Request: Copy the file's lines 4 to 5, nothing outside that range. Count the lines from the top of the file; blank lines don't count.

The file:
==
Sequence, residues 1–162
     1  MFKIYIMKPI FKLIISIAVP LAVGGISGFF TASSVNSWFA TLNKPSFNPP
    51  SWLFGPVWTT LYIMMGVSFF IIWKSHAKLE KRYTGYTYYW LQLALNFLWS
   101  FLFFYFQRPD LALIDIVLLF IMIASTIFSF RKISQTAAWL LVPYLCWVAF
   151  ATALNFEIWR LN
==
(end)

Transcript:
   101  FLFFYFQRPD LALIDIVLLF IMIASTIFSF RKISQTAAWL LVPYLCWVAF
   151  ATALNFEIWR LN